Slow-Roasted Tomato Tart
It would be an exaggeration to say we moved halfway around the world for tomatoes, but it actually isn’t as farfetched as you might think. You see, although tomatoes – on the surface – may not seem nearly as important to quality of life as, say, annual sunshine hours or the affordability of healthcare, I challenge you to live without any good ones for seven years and tell me how the quality of your life fares.
There were many things that endeared me to Scotland – the whisky, the haggis, the quirky new vocabulary – but Scottish tomatoes were definitely not on that list. Simply put, they sucked. Well, I should say that the tomatoes Scotland imported sucked, since I never did actually run across a Scottish-grown specimen. I could never understand why the ones they imported were so bad, though, since Scotland doesn’t have a climate for growing nectarines and figs and eggplant either, yet each summertime the greengrocers’ shelves were bursting with ripe, reasonably tasty imports from places like Turkey, Spain, Italy, and France. You wouldn’t think it would be so hard for those exporters to just toss a few bushels of tomatoes on top too, would you?
Well, for whatever reason, they don’t, and apart from a few insipid, watery batches trucked up from southern England, all the tomatoes I ever bought in Scotland came from Holland, another country not known for its tomato-growing climate. How the Dutch finagled the exclusive contract for supplying northern Europe with tomatoes I may never know, but unfortunately they did; I’ll go so far as to say you’d be hard-pressed to find a tomato north of Brussels that didn’t come from their massive greenhouses, where they grow them year-round and ship them off to even grayer, chillier places where people are apparently ready to buy anything that brings a bit of color to their sandwiches. Because that’s the thing – they look fine, all the picture-perfect deep red beefsteaks, plump little cherries and heavy, smooth-skinned ‘on the vine’ clusters, but all it takes is one bite to realize how no amount of plastic sheeting can make up for the one thing you need to grow a really good tomato: sun, and plenty of it.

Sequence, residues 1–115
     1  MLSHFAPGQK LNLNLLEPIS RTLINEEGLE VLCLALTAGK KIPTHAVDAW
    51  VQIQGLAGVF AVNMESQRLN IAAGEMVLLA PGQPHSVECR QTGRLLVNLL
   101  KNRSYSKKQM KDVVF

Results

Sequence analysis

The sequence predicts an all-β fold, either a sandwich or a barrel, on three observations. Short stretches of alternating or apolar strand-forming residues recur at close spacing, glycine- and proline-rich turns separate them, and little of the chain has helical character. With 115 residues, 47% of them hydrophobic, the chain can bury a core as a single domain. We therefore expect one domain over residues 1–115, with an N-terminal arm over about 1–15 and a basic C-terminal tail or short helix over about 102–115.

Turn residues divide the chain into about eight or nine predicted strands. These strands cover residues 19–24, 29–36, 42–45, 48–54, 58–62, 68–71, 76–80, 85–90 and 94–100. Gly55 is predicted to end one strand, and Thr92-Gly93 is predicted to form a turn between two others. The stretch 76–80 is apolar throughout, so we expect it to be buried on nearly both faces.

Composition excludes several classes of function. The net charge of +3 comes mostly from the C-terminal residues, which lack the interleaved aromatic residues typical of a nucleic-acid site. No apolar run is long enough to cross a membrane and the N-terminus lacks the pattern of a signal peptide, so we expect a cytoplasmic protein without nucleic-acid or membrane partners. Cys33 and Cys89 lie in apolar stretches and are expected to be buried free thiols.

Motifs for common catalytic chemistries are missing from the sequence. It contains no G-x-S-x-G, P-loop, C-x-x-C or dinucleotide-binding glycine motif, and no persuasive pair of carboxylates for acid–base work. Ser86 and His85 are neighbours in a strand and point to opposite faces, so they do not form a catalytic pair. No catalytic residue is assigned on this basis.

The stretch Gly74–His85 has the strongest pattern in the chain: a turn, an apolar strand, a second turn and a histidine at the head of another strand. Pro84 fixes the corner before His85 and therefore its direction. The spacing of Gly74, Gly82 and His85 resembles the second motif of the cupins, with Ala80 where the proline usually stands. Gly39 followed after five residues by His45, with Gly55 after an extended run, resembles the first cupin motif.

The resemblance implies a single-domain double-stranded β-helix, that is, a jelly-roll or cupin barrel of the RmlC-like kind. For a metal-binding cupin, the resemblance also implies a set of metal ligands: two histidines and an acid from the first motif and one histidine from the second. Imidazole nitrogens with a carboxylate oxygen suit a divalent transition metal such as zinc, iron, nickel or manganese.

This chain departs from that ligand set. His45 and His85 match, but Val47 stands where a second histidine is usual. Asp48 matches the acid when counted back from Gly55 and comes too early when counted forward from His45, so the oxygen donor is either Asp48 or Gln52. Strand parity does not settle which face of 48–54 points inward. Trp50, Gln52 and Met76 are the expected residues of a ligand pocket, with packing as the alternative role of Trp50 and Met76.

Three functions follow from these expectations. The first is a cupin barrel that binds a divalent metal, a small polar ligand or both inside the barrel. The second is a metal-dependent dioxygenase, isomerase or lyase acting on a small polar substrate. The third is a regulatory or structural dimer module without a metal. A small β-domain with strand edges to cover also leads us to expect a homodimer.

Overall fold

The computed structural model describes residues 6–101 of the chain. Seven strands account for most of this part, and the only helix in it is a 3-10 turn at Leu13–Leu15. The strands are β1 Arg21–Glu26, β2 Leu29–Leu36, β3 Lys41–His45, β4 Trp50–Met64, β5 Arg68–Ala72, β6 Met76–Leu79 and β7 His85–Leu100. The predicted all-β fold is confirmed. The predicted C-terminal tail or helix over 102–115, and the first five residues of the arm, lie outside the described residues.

Still, I know what you’re thinking. If tomatoes were really that important to me I probably should have moved somewhere sunny like southern Italy, or maybe Mexico, and not to a place that has as much reputation for rain as the country I just left. Well, maybe someday I will, but for now, at least the Pacific Northwest offers something that Scotland doesn’t – real summers, which, though brief, are just long and warm enough to coax out of the ground some of the sweetest, meatiest, most delicious tomatoes around. The kind of tomatoes that slice like butter and drip crimson juices down your fingers. The kind of tomatoes you can eat for breakfast, lunch, dinner and dessert and still be hungry for more. The kind of tomatoes that, when slow roasted to a toothsome, caramelly sweetness and layered in a crisp tart shell with thick cream and fresh basil, are good enough to make me wonder why on earth I didn’t move here just for them.
Slow-Roasted Tomato Tart